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Most Alcohol Abusers Don’t Think They Need Treatment

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Only 1.2 percent of the 7.4 million American adults whose alcohol abuse is untreated think they need help, a new report shows. The results were released by the U.S. Substance Abuse and Mental Health Services Administration (SAMHSA) as part of National Alcohol Screening Day on Thursday, HealthDay reports.

The findings come from SAMHSA’s 2006-2009 National Survey on Drug Use and Health. The survey also found that only 7.8 percent of the nearly 6 million American adults with untreated alcohol dependence, which is more serious than alcohol abuse, realize they need treatment. SAMHSA says the results indicate the need for increasing public awareness about adult problem drinking, identifying people with an alcohol problem, raising the issue with problem drinkers and knowing how to get help.

SAMHSA promoted an alcohol screening tool, http://www.howdoyouscore.org/, as part of Alcohol Screening Day. SAMHSA administrator Pamela S. Hyde, J.D., said in a press release, “Alcohol Screening Day provides one day to have the conversation we should be willing to have every day until screening for alcohol problems becomes the norm — just like heart disease, cancer and diabetes.”

3 Responses to this article

  1. Avatar of meltee
    meltee / April 9, 2011 at 2:19 pm

    We’ve known for years that addicts are in denial, and lots of other studies have shown similar perceptions about need for treatment.
    The typical reaction is likely “we need to work harder to convince more people to seek treatment.” However, I can’t help but wonder if there might not be another way to think about this. Perhaps everyone with a use problem does not need treatment. Maybe changing social environments is all that is needed. Witness the tens of thousands of heroin users back from Nam, most of whom abandoned use when back in the States. Of course, change may have to be substantial, and even that would not work for everyone, but still works. The idea of creating more positive environments is a core feature of many recovery efforts, it is also at the heart of prevention. Perhaps it could be a “treatment” strategy as well.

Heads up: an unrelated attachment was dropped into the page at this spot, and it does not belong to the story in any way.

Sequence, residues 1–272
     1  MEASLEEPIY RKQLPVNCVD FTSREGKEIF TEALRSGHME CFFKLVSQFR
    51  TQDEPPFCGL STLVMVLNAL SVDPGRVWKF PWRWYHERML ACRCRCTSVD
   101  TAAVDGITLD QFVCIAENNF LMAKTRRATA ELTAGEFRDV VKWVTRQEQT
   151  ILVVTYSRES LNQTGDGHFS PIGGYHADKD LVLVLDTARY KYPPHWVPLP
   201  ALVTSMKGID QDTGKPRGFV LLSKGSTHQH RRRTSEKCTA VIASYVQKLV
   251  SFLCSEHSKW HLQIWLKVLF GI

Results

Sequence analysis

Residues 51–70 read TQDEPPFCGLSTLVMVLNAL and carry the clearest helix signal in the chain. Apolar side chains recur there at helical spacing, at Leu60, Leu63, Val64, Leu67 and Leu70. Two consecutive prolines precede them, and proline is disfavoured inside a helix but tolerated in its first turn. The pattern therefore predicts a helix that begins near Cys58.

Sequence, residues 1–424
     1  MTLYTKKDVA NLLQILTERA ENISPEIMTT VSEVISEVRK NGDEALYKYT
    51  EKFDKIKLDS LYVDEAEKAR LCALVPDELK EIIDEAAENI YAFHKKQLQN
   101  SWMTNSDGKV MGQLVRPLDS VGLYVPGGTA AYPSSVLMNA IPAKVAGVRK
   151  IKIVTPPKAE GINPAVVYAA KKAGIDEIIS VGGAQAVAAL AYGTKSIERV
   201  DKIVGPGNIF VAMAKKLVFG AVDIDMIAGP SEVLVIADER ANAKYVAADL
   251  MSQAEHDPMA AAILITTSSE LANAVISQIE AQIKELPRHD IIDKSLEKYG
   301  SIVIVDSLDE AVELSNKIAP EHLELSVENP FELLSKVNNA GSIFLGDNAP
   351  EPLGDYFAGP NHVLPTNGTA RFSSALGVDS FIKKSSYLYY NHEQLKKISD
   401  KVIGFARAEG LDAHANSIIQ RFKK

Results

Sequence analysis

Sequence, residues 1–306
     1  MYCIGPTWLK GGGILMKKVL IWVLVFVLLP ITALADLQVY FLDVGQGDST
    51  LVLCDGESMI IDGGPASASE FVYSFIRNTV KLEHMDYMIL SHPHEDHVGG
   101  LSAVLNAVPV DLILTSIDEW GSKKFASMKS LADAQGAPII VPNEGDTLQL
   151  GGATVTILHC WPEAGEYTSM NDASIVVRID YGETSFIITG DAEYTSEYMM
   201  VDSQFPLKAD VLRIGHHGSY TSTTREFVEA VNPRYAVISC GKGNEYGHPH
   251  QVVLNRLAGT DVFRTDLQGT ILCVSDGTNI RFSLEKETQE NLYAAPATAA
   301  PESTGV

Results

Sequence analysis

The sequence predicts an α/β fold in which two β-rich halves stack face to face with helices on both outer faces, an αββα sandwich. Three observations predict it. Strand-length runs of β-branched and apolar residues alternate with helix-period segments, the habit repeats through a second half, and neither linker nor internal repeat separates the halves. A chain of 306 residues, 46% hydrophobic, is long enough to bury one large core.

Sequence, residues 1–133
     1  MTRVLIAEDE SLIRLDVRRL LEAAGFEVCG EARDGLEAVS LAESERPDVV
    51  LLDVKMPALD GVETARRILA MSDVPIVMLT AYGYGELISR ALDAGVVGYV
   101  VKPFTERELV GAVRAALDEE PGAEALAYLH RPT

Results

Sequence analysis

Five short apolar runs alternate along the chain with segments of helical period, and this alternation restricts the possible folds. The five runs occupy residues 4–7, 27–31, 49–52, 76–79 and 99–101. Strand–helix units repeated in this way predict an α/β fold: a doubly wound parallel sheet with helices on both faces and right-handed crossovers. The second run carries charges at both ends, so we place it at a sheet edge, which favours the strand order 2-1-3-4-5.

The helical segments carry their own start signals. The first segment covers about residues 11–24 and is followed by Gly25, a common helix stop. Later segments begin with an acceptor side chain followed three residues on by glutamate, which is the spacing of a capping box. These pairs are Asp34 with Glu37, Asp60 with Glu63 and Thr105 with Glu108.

2. Sandra Streifel / April 9, 2011 at 9:26 am

    I called AA because my husband told me I had to control my binge drinking or he was going to leave, and the way he said it, I knew he meant it. There was lots he didn’t know about. I knew I’d tried every strategy I could think of, but I didn’t have to think about it much, except the next day.
    I wouldn’t have scored my alcohol use as abnormal, even though I had the information and knowledge to know it was, but optimistic denial kept me from knowing or admitting it even to an anonymous survey, so I think that many of the 97.8% with untreated alcohol abuse may respond to pressure from family, friends, or employers who are hesitant to complain.

  3. Avatar of kari kepic
    kari kepic / April 8, 2011 at 3:34 pm

    I am a mother of a 24 year old son diagnosed with BiPolar Disorder from age 11. We have had an alchohol abuse situation for many years now (around age 17)and I am constantly searching for a way to promote rehab situations for him. He now would fall into the category of alchohol addiction/dependence but refuses any conversation on getting help. He has many other comorbidity issues and getting a handle on the abuse would be such a help for him. I have talked with psychiatrist and primary care doctor but without any helpful suggestions except to kick him out. Any thoughts you could shed on this would be greatly appreciated.

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